@jubtastic... As far as I can tell from other reports (not this one, the story was incredibly short on facts, guy must work for The Sun) the hack didn't open the doors. It unlocked the doors.
On most cars unlocking the door and opening the doors are two separate actions.
Still a good hack but it doesn't mean you could fall out the car whilst it was in motion.
There's a good chance that by the time asteroid mining becomes possible that the ownership dispute will be with the Hong Choo corporation, registered in Shanghai. The USA isn't going to remain the only superpower on this planet (or off it) for ever.
Well, that managed to combine both the superiority of your faith with a sideswipe at our Queen. I am SO glad I'm not a Quaker and from your comments, have no wish to be within a hundred miles of one.
Have an up vote for comparing Lewis to Kyle :).
"What's wrong with swiping a card?"
Well, for one thing, in this country we have chip and pin and you don't swipe a card, you shove it in a slot. The process of paying by bonk is a lot faster than paying by pin, which is really useful if you're in a hurry (the M&S at my local station uses it)
I would pay him $20,0000 if only he would finish the b****y books. I honestly think he lost the plot about book 4 (or else became too important to listen to editor's advice)
Getting something to work reliably inside a heavily vibrating environment with high temperatures and lives that depend on the reliability of the item is a 'cheap problem'?
Re: Yorkshire. I would up vote you a gazillion times but unfortunately, you only get one
I've been on flights where the attendant's attitude was along the lines of "Oh God, I have another 4 hours looking after these unwashed plebs". Not sure glasses would have helped.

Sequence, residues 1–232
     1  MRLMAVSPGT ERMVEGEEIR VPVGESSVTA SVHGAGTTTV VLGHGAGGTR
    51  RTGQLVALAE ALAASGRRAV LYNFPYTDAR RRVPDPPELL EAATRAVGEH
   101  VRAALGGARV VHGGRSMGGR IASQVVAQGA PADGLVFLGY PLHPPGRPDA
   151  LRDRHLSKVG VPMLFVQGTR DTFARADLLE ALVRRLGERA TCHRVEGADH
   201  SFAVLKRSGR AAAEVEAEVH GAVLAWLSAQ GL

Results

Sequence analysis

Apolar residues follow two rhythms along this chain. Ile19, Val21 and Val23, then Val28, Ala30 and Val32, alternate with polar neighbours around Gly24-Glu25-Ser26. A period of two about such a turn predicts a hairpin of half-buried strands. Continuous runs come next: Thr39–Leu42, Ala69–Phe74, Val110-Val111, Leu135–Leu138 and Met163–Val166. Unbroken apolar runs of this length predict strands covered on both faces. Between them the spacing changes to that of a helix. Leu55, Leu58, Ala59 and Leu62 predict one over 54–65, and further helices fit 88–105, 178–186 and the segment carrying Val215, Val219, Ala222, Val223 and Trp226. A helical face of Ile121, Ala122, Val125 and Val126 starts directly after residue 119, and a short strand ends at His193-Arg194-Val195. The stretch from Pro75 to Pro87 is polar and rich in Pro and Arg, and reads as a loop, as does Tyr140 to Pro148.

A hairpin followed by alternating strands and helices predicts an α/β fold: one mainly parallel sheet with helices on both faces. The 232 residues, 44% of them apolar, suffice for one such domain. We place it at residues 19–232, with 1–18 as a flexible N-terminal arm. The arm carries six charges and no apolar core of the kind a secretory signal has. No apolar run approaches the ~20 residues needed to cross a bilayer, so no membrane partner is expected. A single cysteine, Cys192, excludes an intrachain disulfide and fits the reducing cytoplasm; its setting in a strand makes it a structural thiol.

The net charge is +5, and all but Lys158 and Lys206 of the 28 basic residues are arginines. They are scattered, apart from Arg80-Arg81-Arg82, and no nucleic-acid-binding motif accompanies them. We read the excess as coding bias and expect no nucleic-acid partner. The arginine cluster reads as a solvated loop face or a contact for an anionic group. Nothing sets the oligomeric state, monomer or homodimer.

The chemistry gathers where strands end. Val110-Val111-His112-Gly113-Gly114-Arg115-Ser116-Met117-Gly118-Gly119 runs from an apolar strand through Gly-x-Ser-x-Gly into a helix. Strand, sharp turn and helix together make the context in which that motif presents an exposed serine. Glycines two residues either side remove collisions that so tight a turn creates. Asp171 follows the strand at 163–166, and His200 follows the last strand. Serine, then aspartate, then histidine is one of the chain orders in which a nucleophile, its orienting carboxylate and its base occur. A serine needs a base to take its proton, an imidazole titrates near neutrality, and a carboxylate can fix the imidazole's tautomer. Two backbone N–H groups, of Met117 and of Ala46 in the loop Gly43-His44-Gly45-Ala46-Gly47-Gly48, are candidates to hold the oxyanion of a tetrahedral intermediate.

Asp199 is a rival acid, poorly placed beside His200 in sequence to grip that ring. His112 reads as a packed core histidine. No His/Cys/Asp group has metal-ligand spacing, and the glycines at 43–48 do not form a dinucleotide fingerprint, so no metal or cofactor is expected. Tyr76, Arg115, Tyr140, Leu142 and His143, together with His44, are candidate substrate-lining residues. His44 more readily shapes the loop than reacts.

It's a nice thought but actually, no, it doesn't. Alcohol is a diuretic and even the small amount in beer is enough to make you piss away more than you imbibe.
>Typing a Spong! message will be called "spinging"
Sexting with Spong will be called 'Spooging'
So, a nice lot of expensive kit going into this system. Ummm ... have you tested that the thing actually flies and doesn't do an impression of a lead balloon (or even worse, a spinning lead balloon)?
A good post. It managed to combine a sneering superiority together with a complete ignorance of the realities of the marketplace in a single sentence. Just for that I gave it a thumbs up.
"In countries where people are expected to define themselves based on their own merits, "
This from the country that gave us Paris Hilton and the Kardashians?
Not that I'm going to buy a GG, but I wonder how they will handle varifocals?
Maybe we could sue for age discrimination?
Oh for heavens sake. I know you're El Reg but can we have slightly less Sun style reporting?
GCHQ didn't 'storm the Guardian', neither did the 'smash their computer equipment'. Their officers had an expenses paid trip to London so they could report to the political numbheads that the symbolic gesture had been carried out.
I don't have 10 top reasons for being on facebook and I admit my use of it is only applicable to myself, but here goes.
I have family scattered across the States, Canada, New Zealand, Australia and Italy. I have an equally scattered circle of friends. I use Facebook to keep in contact with all of them, share what we're doing, family pics and news. Before Facebook we used email with a BIG circulation list.
Security is set to Friends (sometimes 'Friends of Friends') but specifically family stuff is limited to a Facebook group.
I don't tend to 'friend' people I'm in everyday contact with because .. well .. I see them everyday. But Facebook has been a really good medium for maintaining contact with distant family and friends.
Facebook isn't for everyone. On the other hand, there are some things it does well, which is, I assume, why it survives. If you have an alternative method of keeping in touch then sure, let me know.
Surely it's called "falling with style?"
This could never happen with Google. After all, I've seen the ad where the proud father uses Google to record his daughters important life events for posterity ... So it must be true.